Muruch’s Best of the Decade: Films
20. Mama Mia
I didn’t expect to include this musical on the list until my husband reminded me how much we enjoyed it. When it comes to favorite movies that I watch again and again, I tend to lean toward happy flicks. Whatever the Abba-centric Mama Mia lacked in substance, it made up for in fun and catchiness. And I just adore Colin Firth and Pierce Brosnan.
Everyone always remember Robert Sean Leonard’s performance in Dead Poets Society, but I think the best role of his career was in Richard Linklater’s claustrophobic 2001 film Tape. The film co-starred Ethan Hawke and Uma Thurman as high school friends who have a bitter reunion with Leonard’s character in a motel room. The acting was so authentically tense and uncomfortable that I don’t think I’d rewatch the film. But it is unquestionably brilliant.
18. Psycho Beach Party
This one might be higher on the list if I saw it again, but it’s been nearly a decade since a quirky friend of mine introduced me to his favorite film and I haven’t had the pleasure of watching it since then. Charles Busch’s twisted parody of 1960s surfing movies starred then unknown actors Lauren Ambrose (Six Feet Under) and Nicholas Brendon (Buffy) as beach-lovin’ kids embroiled in a series of murders.
17. Starting Out in the Evening
As I said in my 2008 review, the wonderful film adaption of Brian Morton’s novel “stars Six Feet Under’s Lauren Ambrose as Grad student Heather Wolfe, who is writing her thesis on Leonard Schiller (Frank Langella), the reclusive novelist whom she adores.“
16. Vanilla Sky
I think my husband and I are in the minority in loving Cameron Crowe’s 2001 remake of Open Your Eyes. It’s a surreal fantasy and thriller about the misadventures and romances of an egotistical rich brat played by Tom Cruise.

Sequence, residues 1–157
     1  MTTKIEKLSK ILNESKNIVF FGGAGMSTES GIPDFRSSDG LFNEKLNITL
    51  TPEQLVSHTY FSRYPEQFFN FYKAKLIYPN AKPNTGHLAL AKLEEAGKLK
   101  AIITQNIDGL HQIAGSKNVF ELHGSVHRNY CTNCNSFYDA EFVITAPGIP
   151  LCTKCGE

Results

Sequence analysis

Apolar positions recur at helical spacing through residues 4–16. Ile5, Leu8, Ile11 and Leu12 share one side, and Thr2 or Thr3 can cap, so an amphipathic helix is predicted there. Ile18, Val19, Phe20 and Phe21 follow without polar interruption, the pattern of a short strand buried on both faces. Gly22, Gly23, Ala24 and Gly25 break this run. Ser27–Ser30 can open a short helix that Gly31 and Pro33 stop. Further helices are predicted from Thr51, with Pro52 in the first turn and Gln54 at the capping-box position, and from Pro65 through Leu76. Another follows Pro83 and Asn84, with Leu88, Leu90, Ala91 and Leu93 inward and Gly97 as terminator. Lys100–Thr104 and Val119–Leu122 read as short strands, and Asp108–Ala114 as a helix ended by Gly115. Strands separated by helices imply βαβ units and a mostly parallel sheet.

15. 2 Days in Paris
Actress Julie Delpy wrote, directed, and starred in this 2007 comedy about a couple’s wacky and awkward two days in Paris. As I said in my 2008 review: “Delpy’s characters are painfully, amusingly authentic and relatable. Especially for those of us that are one half of a transatlantic couple.”
Disney’s 2008 romantic comedy that starred Amy Adams as a cartoon princess transported to real world Manhattan is probably a recent enough release that I don’t need to say much here about the actual movie. It was sweet, funny, and fun to sing along with.
13. Eternal Sunshine Of The Spotless Mind
Charlie Kaufman wrote the script for this strange 2004 film that starred Kate Winslet and Jim Carey as a recently broken up couple who literally have their memories of each other erased from their minds.
The 2001 French romantic comedy about shy waitress Amélie Poulain introduced the world to adorable Audrey Tautou and is one of the most beautifully directed films ever.
In my review of Pixar’s animated film Up last June, I called it “Wizard of Oz awesome.” I think that says it all.
10. The Anniversary Party
I don’t know if any of the old readers are still around, but I raved The Anniversary party on the old Muruch site back in 2002 (the archives of which were lost when I switched domains). The indie film was written and directed by Alan Cumming and Jennifer Jason Leigh, who starred as a troubled semi-famous couple hosting an anniversary party to celebrate their post-separation reunion. The ensemble cast included Parker Posey, John C. Reilly, Gweneth Paltrow, Kevin Kline, Jennifer Beals, and featured a hilarious cameo by Phoebe Cates.
9. High Fidelity